Being green, in the red

Corporations today are definitely paying attention to environmental issues and being eco-friendly, or “green.” Even though man-made global warming has been debunked and its cause self-imploded since the revelation of scandalous scientists and climatologists being creative with their research data, I believe that it doesn’t mean our Earth is fine and dandy. Perhaps global warming was a fraud, but issues such as deforestation, air pollution, ocean pollution, etc. cannot be ignored. Companies with green initiatives should be applauded for their efforts, but sometimes I wonder if they are trying too hard and at the expense of shareholders.

First, if you are a publicly-traded company and anybody can own your company shares, then the company executives’ foremost concern should be to profit the shareholders within the boundaries of law and regulations. Recently I wrote about Alcatel-Lucent’s depressing 1Q2010 results — down almost 10% YoY and a stock price that’s going nowhere. The company exists in a highly competitive market with competitors that are multiples of its size. It’s a tough situation, especially in this weakened economy. Then I come across this post from ALU’s official blog about the company’s leadership and participation at the Clean Technology Showcase in Washington, D.C., sponsored by the Federal Communications Commission:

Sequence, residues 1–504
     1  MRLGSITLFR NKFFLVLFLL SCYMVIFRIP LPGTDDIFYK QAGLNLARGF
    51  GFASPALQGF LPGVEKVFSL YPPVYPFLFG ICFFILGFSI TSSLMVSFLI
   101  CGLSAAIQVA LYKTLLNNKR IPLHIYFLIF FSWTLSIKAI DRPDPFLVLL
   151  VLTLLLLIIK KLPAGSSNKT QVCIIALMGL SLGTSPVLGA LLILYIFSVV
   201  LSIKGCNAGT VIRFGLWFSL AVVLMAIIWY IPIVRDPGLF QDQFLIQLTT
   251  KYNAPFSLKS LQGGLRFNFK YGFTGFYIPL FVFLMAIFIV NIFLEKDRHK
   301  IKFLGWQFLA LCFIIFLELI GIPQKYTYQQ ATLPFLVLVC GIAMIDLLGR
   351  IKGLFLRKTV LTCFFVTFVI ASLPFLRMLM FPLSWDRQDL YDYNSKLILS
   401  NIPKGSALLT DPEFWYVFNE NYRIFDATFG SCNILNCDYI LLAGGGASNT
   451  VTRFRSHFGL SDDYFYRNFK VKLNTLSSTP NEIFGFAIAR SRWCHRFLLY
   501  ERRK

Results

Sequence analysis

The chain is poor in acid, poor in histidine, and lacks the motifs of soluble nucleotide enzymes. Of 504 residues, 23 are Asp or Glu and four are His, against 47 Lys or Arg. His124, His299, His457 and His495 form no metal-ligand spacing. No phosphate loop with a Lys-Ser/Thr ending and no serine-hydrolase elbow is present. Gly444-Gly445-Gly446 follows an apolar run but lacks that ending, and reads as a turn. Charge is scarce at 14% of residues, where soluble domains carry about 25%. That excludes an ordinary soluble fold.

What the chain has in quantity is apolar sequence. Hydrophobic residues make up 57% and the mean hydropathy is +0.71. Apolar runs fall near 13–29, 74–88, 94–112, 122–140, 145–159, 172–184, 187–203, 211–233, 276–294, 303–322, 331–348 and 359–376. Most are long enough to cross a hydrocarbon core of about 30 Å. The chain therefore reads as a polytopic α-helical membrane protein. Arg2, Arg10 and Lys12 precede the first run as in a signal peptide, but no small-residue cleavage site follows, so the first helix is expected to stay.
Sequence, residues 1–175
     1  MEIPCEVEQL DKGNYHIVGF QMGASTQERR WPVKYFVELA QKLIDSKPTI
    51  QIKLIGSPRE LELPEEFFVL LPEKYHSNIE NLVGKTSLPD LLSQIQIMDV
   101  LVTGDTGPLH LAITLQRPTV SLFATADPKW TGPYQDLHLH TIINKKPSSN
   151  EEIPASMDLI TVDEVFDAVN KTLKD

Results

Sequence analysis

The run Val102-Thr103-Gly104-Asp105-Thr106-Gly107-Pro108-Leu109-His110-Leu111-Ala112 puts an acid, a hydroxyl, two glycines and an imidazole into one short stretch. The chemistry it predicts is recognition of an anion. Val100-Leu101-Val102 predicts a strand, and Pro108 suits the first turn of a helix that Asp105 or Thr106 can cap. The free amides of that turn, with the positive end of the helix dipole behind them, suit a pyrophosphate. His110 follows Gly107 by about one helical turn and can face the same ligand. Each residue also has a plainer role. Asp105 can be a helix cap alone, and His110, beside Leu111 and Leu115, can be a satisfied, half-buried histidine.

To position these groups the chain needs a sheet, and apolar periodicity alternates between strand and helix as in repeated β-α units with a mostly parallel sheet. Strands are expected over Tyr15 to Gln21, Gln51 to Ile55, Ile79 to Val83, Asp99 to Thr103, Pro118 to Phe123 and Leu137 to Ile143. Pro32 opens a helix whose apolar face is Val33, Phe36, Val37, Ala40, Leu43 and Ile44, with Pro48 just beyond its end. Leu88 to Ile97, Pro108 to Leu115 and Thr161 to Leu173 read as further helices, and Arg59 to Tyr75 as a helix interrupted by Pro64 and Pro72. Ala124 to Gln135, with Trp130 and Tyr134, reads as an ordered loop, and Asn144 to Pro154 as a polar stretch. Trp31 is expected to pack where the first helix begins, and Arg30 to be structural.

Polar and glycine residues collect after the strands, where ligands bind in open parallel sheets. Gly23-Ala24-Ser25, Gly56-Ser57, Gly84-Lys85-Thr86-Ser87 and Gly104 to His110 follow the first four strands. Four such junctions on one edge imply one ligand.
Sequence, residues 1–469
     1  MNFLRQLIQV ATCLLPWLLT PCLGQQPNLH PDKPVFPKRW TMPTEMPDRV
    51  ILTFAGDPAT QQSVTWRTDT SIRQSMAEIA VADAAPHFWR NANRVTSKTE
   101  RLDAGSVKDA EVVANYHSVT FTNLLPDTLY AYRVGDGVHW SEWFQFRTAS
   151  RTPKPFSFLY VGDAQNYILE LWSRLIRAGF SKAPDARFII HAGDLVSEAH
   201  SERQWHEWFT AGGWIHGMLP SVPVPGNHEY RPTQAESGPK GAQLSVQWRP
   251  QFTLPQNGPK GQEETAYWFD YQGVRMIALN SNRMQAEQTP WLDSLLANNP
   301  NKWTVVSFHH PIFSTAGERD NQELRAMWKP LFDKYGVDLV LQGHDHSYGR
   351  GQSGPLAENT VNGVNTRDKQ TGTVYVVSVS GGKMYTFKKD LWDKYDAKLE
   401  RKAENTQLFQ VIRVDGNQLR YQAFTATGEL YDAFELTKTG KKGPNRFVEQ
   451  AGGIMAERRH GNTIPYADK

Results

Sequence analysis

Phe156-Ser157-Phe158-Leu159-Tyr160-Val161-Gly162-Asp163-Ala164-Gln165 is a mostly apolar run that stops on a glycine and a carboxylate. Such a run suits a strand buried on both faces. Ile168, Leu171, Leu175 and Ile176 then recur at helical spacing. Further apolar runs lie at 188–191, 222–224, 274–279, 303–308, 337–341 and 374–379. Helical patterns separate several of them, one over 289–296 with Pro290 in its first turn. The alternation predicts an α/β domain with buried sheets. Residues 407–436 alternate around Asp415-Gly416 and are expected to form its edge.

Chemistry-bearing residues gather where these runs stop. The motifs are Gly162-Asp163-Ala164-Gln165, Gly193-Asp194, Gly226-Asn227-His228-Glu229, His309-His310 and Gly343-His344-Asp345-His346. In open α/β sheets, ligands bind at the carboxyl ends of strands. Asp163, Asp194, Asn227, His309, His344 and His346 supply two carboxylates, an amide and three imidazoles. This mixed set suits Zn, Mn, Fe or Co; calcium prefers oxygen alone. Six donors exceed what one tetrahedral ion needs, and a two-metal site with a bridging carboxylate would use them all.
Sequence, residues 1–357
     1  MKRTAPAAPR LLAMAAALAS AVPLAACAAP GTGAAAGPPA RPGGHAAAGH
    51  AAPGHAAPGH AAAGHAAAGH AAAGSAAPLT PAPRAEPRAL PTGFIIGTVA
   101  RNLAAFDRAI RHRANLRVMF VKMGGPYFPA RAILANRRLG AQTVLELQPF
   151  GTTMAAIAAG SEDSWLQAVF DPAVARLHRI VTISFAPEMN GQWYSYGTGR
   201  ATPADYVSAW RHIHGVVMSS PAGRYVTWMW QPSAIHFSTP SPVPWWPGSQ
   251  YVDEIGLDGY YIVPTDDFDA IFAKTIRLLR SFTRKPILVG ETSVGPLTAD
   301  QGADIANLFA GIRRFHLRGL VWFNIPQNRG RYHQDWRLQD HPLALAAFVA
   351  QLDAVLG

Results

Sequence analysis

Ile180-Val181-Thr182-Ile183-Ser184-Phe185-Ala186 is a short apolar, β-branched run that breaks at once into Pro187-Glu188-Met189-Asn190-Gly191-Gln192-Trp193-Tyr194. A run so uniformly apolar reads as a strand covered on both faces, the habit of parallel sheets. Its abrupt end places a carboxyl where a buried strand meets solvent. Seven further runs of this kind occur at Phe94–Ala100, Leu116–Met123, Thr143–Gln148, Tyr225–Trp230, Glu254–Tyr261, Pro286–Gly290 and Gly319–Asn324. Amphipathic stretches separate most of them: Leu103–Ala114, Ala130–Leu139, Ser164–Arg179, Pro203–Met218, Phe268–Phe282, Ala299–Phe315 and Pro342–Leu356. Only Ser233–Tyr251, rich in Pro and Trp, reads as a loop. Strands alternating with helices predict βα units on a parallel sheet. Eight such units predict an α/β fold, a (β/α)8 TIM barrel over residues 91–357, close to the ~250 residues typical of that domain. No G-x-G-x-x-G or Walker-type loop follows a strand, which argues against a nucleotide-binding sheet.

On May 18, we were among several industry leaders, technology and energy policymakers, state governments and foreign embassies that participated in the FCC’s Clean Technology Showcase in Washington, D.C., which highlighted developments in communications technology and energy efficiency.  FCC Chairman Julius Genachowski hosted the event, which included U.S. Department of Energy Secretary Steven Chu and Federal Energy Regulatory Chairman Jon Wellinghoff as special guests [you can find out more on]. Other demonstrators included Ericsson, GE, Panasonic, Google and Samsung.

During the event, we highlighted our leadership role in GreenTouch™, the research consortium initiated by Bell Labs, and displayed recent advances in modular cooling, in sustainable power for mobile base stations, and the recent European Commission recognition with its Sustainable Energy Europe Award for Alcatel-Lucent’s Alternative Energy Program [read more in this post].

Was it more about being green or being in Washington? In 2009 the company spent nearly $2 million in lobbying and almost half a million dollars have already been spent in 2010. How much money was also spent just to be green? How would the balance sheets and income statements look if all the “green cash” was re-allocated to R&D, product development, sales and marketing, etc.?

Having a green conscious is great, but what if it’s only making the shareholders see red?

And no, I am not an investor in Alcatel-Lucent.


Leave a Reply

Fill in your details below or click an icon to log in: Logo

You are commenting using your account. Log Out /  Change )

Google+ photo

You are commenting using your Google+ account. Log Out /  Change )

Twitter picture

You are commenting using your Twitter account. Log Out /  Change )

Facebook photo

You are commenting using your Facebook account. Log Out /  Change )


Connecting to %s